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Elevating Excellence

Here are some of the attributes that I think you should be looking for when seeking your go-to person:

1.  You will, naturally, look at the typical factors: Educational backgrounds and prior work experience are of course very important. Remember that everyone is a result of the sum total of his or her experiences. You need to consider the total person.

2.  Being a lawyer, I am admittedly biased, but I do think that a legal education and background can be very helpful for someone running a ministry. The reason is that lawyers are trained to collect and analyze information, pros and cons, and then make a decision. If you do hire a lawyer or former lawyer, look for those whose background is in the business/deal-making side and not as a litigator. The reason is that litigators are trained to be confrontational and to fight, whereas business lawyers are trained to find a way to get things done and to solve disputes, not create them.

3.  Hire senior executives who speak multiple languages.  I’m not talking about Spanish or Mandarin Chinese. I’m talking about the ability to seamlessly transition and flow between diverse settings and circumstances. Every day brings a diverse group of people who I need to be capable of communicating with and understanding. To do that effectively, I have to be fluent in the “language” that is being used by my audience. The point is simple—I cannot do my job if I cannot flow between these diverse settings and adjust to the language spoken at each.

4.  Finding truth-tellers is another vital characteristic in a senior executive.  At first blush, you probably think of course my staff is honest—and they are. The issue is the ability to respectfully disagree with the leader and be able to articulate why.  Your staff is useless if they won’t do it. You need independent thinkers who will contribute to the dialogue and debate and help the organization’s leader find the right answer.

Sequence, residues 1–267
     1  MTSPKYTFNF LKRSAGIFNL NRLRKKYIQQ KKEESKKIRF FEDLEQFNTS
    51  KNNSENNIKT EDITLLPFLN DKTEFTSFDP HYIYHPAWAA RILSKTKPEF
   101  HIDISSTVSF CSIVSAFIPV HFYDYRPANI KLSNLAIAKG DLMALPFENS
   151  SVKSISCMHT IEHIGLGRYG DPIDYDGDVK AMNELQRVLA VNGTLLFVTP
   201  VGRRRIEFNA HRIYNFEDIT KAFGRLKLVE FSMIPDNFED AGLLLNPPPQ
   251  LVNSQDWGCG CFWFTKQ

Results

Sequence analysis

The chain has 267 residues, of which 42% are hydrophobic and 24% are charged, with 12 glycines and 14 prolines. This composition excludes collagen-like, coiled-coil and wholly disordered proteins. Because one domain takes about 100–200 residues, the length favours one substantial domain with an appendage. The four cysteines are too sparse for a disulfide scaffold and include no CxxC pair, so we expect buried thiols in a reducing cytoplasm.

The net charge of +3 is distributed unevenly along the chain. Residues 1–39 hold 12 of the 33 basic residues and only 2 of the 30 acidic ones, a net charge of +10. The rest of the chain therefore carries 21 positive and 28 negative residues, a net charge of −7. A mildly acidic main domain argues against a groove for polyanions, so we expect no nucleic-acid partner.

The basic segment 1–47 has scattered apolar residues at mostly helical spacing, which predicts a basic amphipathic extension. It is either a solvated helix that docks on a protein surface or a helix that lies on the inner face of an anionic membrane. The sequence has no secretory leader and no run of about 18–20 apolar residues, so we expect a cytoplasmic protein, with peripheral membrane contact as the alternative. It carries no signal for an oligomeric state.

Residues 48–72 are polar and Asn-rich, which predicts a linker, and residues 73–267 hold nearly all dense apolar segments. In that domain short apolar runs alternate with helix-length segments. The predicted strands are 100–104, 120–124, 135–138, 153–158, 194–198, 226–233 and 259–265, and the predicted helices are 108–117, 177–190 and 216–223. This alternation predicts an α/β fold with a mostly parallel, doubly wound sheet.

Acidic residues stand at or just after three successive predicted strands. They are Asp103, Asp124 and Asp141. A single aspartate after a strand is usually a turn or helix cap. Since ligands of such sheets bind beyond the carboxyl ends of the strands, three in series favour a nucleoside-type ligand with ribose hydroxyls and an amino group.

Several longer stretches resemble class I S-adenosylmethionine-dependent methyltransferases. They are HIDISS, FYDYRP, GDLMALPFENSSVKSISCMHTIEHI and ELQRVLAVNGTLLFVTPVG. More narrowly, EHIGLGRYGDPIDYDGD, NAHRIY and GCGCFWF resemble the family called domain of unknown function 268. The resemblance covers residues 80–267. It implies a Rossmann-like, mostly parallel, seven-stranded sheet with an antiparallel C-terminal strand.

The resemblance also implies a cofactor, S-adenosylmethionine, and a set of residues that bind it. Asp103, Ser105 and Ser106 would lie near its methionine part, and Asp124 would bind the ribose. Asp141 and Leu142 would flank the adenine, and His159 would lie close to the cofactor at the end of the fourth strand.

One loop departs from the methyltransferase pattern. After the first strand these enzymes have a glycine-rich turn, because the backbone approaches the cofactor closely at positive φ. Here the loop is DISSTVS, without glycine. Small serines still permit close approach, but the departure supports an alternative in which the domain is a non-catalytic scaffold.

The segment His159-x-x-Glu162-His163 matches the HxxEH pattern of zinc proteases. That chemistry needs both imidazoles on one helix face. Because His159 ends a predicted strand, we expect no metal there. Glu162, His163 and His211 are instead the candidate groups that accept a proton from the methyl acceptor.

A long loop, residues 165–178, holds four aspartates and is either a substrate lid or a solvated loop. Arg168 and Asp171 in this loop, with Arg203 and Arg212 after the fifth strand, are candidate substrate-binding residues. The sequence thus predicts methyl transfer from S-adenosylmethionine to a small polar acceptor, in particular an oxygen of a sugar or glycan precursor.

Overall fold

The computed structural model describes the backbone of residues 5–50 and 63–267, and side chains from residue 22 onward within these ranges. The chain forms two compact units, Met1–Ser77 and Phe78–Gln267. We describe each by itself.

5.  Just as important as truth-telling is the ability of your staff to have the debate and when it is over and the decision has been made, for everyone to say, “Great, let’s go get it done!” without any feelings about who won or lost the debate.  If your people have a hard time embracing decisions they didn’t make or decisions they didn’t agree with, you are going to have a management problem. While management by consensus can be effective, at the end of the day decisions have to be made, respected, and acted upon. The goal, at the end of the day, is results.

6.  Seek out senior staffers who excel at building relationships and alliances both within and outside of the church. One of the most valuable things that my counterparts and I bring to the table is the value of our contacts and relationships, many developed over years of work. That list of a few thousand names and numbers in my iPhone has significant value. To build those relationships required a significant commitment and investment of time and energy.

Moreover, if your people are good at building relationships, it also means that they know how to treat people well. This is hugely important. To begin with, your staff is a reflection of you. If your team treats people badly, the people your organization works with will make similar assumptions about you and your organization.

7.   I also believe that your organization needs to be conscious of diversity in hiring. Diversity can pay significant dividends. The world is becoming increasingly diverse, and your organization can benefit from it as well.

So, as you build the team, look beyond academics and experience to the intangibles of people who are multi-lingual, comfortable across a variety of settings, will tell truth to power, and know how to build and maintain relationships.

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